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Dr. Dave

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Use my invite URL to register (this will give me kudos)
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Petroglyph
Petroglyph
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Review 3 games and receive a total of 40 positive review ratings.
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7
Go to the Yggdrasil page

Yggdrasil

14 out of 16 gamers thought this was helpful

I don’t know much about the original game…I haven’t seen a tabletop copy of the game. Therefore, I don’t have much go by when it comes to how well this digital version captures the game play of the original. I can say, it took a few tries to get a handle on the rules so that I even had a chance of winning. I realize the game is designed for co-op, but I can’t see this played effectively with other players using a single device (I use an iPad). There isn’t a local game component…nor can this be played with others on the internet. So…this largely plays like a solitaire game.

With that said, this also has the same frustration I have with solitaire…it is really hard to win. I’ve gotten better over time, but I’m still not able to win on regular basis. I imagine that this takes a lot of the tedium out of the the original board game…there are a lot of counters and indicators that need tracking. It plays pretty smoothly in that regard. The bonus cards and expansions are nice, but generally they just make a hard game even harder.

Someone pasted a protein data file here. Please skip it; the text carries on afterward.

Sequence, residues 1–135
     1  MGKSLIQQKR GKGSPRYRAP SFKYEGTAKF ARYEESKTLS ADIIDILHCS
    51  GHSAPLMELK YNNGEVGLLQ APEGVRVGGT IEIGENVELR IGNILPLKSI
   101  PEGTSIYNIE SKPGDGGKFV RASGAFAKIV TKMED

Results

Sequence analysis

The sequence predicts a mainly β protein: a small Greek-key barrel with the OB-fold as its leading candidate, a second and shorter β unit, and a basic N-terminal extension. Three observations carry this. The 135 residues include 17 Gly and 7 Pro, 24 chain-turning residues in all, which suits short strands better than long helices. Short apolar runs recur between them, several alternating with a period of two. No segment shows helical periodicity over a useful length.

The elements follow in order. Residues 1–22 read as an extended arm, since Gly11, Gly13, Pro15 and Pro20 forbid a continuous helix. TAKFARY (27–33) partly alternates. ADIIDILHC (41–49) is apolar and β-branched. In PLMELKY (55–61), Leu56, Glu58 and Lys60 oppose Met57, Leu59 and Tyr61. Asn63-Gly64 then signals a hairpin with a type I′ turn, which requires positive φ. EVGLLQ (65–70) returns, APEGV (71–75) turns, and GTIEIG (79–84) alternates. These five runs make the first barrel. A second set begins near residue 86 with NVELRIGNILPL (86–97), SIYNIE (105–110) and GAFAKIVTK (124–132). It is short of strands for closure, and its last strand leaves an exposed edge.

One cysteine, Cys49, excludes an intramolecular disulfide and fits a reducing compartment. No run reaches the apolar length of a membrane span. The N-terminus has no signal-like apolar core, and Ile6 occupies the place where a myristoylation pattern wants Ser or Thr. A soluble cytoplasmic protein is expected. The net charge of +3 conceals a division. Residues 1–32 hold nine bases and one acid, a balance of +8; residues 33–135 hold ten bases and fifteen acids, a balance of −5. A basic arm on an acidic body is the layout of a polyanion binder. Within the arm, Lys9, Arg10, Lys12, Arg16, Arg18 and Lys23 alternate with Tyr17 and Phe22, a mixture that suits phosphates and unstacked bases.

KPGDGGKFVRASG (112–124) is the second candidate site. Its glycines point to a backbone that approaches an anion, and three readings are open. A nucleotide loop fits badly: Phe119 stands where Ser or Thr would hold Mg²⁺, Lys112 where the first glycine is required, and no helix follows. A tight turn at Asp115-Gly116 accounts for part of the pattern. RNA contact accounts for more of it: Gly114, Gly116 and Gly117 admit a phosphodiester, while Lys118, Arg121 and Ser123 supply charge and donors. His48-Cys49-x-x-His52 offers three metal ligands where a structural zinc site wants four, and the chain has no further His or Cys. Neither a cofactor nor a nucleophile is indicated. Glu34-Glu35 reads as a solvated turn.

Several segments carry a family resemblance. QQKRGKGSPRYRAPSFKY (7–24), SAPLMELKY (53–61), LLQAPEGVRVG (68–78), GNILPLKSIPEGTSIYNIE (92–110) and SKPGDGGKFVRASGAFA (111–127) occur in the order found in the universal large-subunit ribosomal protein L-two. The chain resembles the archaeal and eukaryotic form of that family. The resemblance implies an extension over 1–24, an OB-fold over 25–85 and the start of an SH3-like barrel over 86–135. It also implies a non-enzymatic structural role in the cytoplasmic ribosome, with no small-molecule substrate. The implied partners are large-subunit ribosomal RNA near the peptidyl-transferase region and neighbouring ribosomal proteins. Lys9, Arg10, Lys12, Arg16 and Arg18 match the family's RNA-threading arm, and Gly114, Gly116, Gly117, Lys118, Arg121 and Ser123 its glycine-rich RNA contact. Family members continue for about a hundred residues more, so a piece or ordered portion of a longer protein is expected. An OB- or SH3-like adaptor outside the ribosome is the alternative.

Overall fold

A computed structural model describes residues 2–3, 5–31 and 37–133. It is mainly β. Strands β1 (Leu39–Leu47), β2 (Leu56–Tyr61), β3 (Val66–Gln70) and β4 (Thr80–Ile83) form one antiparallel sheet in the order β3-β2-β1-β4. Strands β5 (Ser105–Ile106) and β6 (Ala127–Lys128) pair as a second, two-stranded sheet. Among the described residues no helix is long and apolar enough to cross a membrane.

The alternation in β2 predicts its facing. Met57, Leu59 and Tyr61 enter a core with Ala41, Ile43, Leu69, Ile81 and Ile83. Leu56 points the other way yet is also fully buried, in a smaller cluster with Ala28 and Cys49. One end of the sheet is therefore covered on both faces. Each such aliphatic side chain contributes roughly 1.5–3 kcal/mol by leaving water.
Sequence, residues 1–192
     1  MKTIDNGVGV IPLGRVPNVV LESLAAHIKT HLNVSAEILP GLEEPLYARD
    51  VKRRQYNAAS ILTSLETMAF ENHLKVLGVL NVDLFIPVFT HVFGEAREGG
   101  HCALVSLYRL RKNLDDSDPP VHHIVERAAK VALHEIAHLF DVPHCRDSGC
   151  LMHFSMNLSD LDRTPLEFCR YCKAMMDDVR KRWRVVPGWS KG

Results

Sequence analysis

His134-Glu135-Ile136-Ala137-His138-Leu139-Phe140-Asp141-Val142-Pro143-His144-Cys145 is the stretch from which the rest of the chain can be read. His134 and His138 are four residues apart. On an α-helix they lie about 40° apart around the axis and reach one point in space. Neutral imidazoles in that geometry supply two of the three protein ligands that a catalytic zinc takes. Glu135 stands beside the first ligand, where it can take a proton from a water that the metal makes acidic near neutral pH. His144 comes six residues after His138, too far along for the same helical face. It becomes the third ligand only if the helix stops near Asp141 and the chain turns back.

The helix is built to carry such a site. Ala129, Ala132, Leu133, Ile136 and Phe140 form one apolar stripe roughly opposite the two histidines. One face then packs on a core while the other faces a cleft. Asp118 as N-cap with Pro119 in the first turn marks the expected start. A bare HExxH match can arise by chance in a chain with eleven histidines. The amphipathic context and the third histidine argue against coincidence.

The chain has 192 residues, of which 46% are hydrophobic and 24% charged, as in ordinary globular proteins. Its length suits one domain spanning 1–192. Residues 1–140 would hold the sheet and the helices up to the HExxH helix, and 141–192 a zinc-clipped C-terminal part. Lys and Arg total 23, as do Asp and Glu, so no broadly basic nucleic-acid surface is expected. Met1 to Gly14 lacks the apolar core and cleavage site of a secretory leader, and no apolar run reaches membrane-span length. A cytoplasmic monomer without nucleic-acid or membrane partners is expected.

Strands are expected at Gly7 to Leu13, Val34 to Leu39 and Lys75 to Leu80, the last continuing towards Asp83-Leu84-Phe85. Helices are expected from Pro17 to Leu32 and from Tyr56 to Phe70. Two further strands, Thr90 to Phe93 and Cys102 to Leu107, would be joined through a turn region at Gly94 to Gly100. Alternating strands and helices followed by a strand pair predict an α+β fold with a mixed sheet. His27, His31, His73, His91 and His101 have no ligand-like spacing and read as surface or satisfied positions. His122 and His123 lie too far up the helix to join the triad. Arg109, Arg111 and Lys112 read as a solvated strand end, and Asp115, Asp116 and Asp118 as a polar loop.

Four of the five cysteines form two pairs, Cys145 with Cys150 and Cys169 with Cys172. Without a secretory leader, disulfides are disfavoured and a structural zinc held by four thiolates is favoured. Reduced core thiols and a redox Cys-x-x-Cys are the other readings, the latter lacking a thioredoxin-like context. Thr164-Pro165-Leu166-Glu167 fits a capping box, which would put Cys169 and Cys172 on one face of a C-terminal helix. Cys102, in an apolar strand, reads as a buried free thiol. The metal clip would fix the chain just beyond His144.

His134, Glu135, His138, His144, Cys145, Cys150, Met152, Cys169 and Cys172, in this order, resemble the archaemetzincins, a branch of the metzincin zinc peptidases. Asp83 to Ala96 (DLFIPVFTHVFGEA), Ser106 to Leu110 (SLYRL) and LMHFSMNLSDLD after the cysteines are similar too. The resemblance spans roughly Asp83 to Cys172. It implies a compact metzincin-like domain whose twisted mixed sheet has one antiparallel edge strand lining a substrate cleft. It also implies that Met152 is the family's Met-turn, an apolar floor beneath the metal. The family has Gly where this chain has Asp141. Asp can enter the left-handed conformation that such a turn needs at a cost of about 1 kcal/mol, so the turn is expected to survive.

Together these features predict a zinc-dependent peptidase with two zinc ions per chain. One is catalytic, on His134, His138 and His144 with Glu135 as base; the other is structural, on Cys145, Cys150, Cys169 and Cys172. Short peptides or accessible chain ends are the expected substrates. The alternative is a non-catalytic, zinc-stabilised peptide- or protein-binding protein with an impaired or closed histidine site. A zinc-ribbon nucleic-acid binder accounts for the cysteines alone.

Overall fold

The digital implementation is solid. I’ve never had any hang-ups or crashes on my iPad with it…even after multiple system upgrades.

I suppose I’m a bit more negative about the game than I realized. It’s a frustrating game in some respects. However, I come back to it frequently and enjoy playing it until I remember how much it frustrates me. It’s definitely a challenge…which in the end, I think, is a good thing.

8
Go to the Legendary: Guardians of the Galaxy page
22 out of 23 gamers thought this was helpful

With the Guardians movie out, I couldn’t resist getting this expansion to play with my kids (who also love the movie). This expansion didn’t disappoint. The artwork was much more derivative of the comic than of the movie (which I suppose is the point of the whole game anyway). The characters are cool…with interesting abilities that the standard didn’t have. Starlord, Groot, Rocket, Drax, and Gamora are all there. I found Starlord and Groot the most useful. That’s not just because I loved those two characters in the movie, but because their cards have the most useful attributes.

The two new Masterminds added, the Kree Mastermind and Thanos are pretty intriguing and tough. I’ve played with the “Forge the Infinity Guantlet” Scheme several times, with Thanos as the Mastermind and I will say…it’s really tough.

A new mechanic is added to the game in “artifacts”. They play like regular hero ability cards, but once they are played the first time they stay on the table and the player gains the benefit of the card for the rest of the game (usually 1 use per turn). The Infinity Gems as a Villain group are interesting because rather than becoming a trophy like a regular villain, they get added to the players draw pile as an artifact…and they have pretty strong abilities that can help a lot. The rub, however, is that when a Twist comes from the villain deck, a player usually winds up having to return the Infinity Gem to the street as an active villain again.

Another new mechanic is “shards”…presumably pieces of the Infinity Gems that have limited and exhaustible power. Through the hero abilities and artifacts, players earn shards which can be traded for a combat bonus against villains or the Mastermind. Returning to Thanos as a Mastermind, it’s nearly impossible to win the game without a big accumulation of shards…which can take quite a while.